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What we do

Our wildlife department has four main roles. learn more below.

Wildlife Assistant Cameron Law holding a hedgehog at West Hatch wildlife centre

The four roles of the RSPCA

  1. To build the RSPCA's knowledge about wildlife welfare issues, including the health, management and trade of wildlife. We also look at the main issues affecting wildlife in captivity, from those kept as pets to circus animals.  
  2. To advise the rest of the RSPCA, the public, non-governmental groups and the government.  
  3. To lobby decision-makers, including governments, for the protection of wildlife.  
  4. To support our four wildlife centres and ensure animals receive the very best care possible.

Underpinning the RSPCA's work

  • We help train our inspectors and advise them when they're on duty in the field.  
  • Through the wildlife centres, we conduct research into the best possible ways to treat wild animals that come into our care.  
  • We provide advice on wildlife kept as pets.  
  • We help our Special Operations Unit (SOU) and prosecutions department deal with wildlife crime.  
  • We supply information for the RSPCA's enquiries service, website, education packs, magazines and our National Call Centre.

We also work externally as well.

Influencing decision makers

This is a very important part of our job. Much of what we do involves sitting on government committees arguing our case, producing submissions to consultations, discussions with civil servants, and providing input wherever else required.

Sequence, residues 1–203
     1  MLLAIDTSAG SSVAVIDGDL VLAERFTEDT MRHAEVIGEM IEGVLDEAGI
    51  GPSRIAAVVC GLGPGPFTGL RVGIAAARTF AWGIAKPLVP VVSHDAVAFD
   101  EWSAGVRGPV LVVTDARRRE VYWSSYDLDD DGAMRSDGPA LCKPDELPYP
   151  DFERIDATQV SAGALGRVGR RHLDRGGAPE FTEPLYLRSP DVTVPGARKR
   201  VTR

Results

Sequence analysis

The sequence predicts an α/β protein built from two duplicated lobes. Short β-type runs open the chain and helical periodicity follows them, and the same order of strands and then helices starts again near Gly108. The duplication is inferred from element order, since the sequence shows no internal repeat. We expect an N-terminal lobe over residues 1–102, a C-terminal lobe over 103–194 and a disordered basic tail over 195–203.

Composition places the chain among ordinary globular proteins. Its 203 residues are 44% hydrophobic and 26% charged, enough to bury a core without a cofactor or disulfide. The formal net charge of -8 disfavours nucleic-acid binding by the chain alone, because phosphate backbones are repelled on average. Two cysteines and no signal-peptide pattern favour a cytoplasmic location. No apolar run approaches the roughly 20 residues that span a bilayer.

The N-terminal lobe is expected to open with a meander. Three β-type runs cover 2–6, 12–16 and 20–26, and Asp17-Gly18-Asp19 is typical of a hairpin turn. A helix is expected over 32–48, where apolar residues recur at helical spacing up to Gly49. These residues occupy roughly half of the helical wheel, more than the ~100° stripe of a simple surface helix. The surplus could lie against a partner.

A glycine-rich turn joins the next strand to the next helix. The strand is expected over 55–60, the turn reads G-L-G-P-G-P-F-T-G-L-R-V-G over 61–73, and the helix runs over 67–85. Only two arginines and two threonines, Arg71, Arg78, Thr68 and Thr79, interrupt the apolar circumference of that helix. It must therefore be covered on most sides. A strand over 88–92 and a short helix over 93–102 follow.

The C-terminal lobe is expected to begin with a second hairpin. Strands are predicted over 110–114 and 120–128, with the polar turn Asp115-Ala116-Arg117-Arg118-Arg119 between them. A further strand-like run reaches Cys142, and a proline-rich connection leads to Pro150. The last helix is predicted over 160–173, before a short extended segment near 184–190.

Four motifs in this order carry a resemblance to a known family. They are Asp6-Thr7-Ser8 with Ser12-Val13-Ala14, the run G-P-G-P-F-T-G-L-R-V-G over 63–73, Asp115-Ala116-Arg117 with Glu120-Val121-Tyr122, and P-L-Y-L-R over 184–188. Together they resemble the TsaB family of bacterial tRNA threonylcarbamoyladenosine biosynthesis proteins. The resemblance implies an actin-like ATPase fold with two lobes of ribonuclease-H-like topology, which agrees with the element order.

Often the results are more evolutionary than revolutionary - for example, a proposal is modified, a Bill amended or a government Code of Practice altered, although we've had some high profile successes too.  In this process we act as a brake on those who want to kill or use animals and help steer processes in a more animal welfare friendly direction.

Our scientists are members of various external committees including:

 Some of the high profile meetings we attended recently:

We responded to a number of consulations in 2010, including:

  • The use of wild animals in circuses
  • A badger control policy in relation to bovine TB
  • An issue paper on wild deer management in Wales

Our Successes

As a result of our input, we've had some notable successes. For example:  

  • We provided most of the scientific evidence and welfare arguments that secured the Hunting Act and defended it against three separate legal challenges.  
  • We played a major role in bringing about the Zoo Licensing Act 1981.  
  • We had major influence in stopping the keeping of dolphins in captivity in the '90's.  
  • We create and lead strategy for the Society's casualty wildlife work. 17 new protocols have been written, which provide guidance on best practice for the care of various species. There have been a number of research projects - many of which have received wide media attention, such as a study on playing birdsong to rescued nestlings.